We thought we’d better find out a bit about ePub files before we started converting our Kindle ebooks. Mainly because there are many more devices and retail sites to cater for when building ePub. Originally with just Kindle files, we only had one device supplier to consider, and as we’d used Amazon’s kindlegen program to generate the files it has all gone fairly smoothly. But would ePubs be more complicated? Many publishers use conversion companies, however with one of the company partner’s having a background in IT we thought we’d give it a go at DIY.
Before doing so a bit of background reading was in order. We wanted to make sure we considered any known incompatibility problems, to make sure our files were as clean as possible when we did eventually create them, and to try to find the lessons others had already covered. So here are a few of the books we read when looking for tips on what to do, and more importantly on what not to do.
SmashWords Style Guide
An excellent guide. SmashWords use their own program (their ‘meat-grinder’) to convert ebooks submitted to their platform to all major devices. This is the setup guide for their submissions, and is a good overall guide to how to set up and check your files.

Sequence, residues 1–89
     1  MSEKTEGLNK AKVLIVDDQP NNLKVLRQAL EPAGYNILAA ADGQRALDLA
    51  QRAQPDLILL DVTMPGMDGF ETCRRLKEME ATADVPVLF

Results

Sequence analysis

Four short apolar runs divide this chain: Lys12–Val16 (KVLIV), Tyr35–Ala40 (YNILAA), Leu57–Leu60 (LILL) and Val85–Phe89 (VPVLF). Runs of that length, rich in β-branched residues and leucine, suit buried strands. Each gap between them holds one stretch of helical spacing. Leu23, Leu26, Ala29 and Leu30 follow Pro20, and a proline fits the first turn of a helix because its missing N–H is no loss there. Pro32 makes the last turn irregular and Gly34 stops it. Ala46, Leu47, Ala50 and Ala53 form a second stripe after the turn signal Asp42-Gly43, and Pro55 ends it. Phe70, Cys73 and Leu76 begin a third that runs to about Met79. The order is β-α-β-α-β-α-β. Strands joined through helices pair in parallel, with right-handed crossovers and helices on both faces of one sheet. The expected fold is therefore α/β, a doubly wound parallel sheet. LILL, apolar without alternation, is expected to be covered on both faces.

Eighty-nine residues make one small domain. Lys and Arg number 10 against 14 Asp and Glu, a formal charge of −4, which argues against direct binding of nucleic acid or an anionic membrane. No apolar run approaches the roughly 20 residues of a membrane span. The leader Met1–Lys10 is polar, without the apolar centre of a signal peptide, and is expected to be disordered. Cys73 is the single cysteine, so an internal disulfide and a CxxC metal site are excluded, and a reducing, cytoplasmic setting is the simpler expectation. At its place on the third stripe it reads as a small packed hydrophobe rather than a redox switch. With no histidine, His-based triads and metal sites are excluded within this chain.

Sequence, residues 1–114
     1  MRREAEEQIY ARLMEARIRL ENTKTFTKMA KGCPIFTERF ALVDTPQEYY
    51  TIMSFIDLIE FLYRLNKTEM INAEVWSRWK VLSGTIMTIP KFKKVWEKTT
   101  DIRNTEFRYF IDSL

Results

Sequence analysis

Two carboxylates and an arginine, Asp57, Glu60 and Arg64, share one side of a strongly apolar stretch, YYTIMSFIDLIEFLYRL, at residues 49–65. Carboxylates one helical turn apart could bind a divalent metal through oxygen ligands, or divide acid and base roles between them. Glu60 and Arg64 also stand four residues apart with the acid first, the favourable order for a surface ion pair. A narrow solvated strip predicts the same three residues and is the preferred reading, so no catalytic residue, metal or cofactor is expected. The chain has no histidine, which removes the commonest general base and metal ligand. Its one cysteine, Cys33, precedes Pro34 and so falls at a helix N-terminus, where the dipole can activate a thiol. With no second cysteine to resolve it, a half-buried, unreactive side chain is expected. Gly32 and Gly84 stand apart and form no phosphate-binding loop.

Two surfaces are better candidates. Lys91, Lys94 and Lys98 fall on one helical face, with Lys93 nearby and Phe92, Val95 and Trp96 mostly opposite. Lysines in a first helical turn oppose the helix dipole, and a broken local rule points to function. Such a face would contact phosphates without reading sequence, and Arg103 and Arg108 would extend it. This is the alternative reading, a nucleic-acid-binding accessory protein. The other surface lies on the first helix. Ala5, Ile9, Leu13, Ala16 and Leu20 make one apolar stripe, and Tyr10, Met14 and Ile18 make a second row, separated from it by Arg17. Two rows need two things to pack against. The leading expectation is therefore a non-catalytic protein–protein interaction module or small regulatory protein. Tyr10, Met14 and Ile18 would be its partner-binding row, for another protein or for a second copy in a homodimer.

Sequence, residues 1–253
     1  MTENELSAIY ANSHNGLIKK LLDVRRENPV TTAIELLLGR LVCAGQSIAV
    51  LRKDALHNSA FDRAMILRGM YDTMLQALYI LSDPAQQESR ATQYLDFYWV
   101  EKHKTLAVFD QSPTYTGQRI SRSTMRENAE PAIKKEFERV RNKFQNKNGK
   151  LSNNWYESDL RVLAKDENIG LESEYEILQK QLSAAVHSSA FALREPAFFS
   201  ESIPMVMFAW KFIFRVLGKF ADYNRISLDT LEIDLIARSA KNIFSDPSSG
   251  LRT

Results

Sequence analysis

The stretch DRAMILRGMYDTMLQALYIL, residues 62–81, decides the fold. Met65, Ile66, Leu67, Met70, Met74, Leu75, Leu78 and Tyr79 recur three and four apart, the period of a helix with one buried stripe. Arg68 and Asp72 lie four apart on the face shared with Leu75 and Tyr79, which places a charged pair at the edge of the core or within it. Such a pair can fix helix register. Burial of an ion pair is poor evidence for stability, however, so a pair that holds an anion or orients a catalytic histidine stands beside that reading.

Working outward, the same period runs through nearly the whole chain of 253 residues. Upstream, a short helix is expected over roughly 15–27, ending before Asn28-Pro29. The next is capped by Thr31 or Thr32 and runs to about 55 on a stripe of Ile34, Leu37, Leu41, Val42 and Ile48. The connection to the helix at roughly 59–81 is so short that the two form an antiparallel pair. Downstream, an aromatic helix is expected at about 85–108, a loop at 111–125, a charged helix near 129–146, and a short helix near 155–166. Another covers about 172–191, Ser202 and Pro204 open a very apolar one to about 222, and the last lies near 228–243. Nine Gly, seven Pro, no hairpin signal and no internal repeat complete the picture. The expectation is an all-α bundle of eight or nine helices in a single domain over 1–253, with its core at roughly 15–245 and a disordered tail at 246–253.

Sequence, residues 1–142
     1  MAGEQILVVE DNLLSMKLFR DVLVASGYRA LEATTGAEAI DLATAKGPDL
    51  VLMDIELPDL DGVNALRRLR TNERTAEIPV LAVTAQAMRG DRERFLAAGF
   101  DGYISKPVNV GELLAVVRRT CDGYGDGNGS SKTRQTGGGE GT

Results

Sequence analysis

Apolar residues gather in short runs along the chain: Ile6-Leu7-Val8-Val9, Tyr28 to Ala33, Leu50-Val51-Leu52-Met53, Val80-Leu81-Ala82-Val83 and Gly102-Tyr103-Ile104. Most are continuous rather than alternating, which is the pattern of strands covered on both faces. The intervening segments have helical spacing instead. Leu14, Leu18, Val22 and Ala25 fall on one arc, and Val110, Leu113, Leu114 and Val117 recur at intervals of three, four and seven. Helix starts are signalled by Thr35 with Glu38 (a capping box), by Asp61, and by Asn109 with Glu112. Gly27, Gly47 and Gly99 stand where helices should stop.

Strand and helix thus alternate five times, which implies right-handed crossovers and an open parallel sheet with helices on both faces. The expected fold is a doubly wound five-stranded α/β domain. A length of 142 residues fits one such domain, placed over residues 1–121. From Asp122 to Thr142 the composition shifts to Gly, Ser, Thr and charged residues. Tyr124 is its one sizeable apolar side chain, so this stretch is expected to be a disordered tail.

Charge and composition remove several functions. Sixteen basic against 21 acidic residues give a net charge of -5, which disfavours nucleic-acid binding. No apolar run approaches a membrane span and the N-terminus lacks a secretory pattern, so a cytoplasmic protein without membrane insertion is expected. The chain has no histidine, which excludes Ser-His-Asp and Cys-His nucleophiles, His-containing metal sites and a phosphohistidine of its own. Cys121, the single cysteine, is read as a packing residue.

What is EPUB3 by Matt Garrish
This is a very good guide to the new ePub3 standard by Matt Garrish, who is on the standards group. Although there are very few devices yet that can read ePub3 files it is still worth reading the guide now.
Accessible EPUB3 by Matt Garrish
Again on ePub3 so the devices aren’t really available yet but this is an extremely helpful guide to making the ebooks more accessible or usable by people with some ability to use the reading devices in the standard way.
EPUB From the Ground Up: A Hands-On Guide to EPUB 2 and EPUB 3 by Jarret Buse
This covers ePub2 and CSS, and a bit on ePub3 and HTML5. Although initially disappointed in this book, mainly as it didn’t have the values we needed to check at the time, in the end we found it was useful and overall a worthwhile investment. It isn’t comprehensive but has enough information to get you going and points you to some very useful tools – largely free or donation based ones.
This is really for website developers, but the CSS and HTML bits are useful. And the HTML5 can be useful when building ePub3 files in the future.
HTML FIXES FOR KINDLE by Aaron Shepard
Even though this is for Kindle and not for EPUB it is still useful as it contains some workarounds to consider if things don’t display correctly. But you have to decide for yourself if the workaround is worth doing, or if it is a quirk of a particular device, or of that device’s operating system at that particular time.
08 July 2014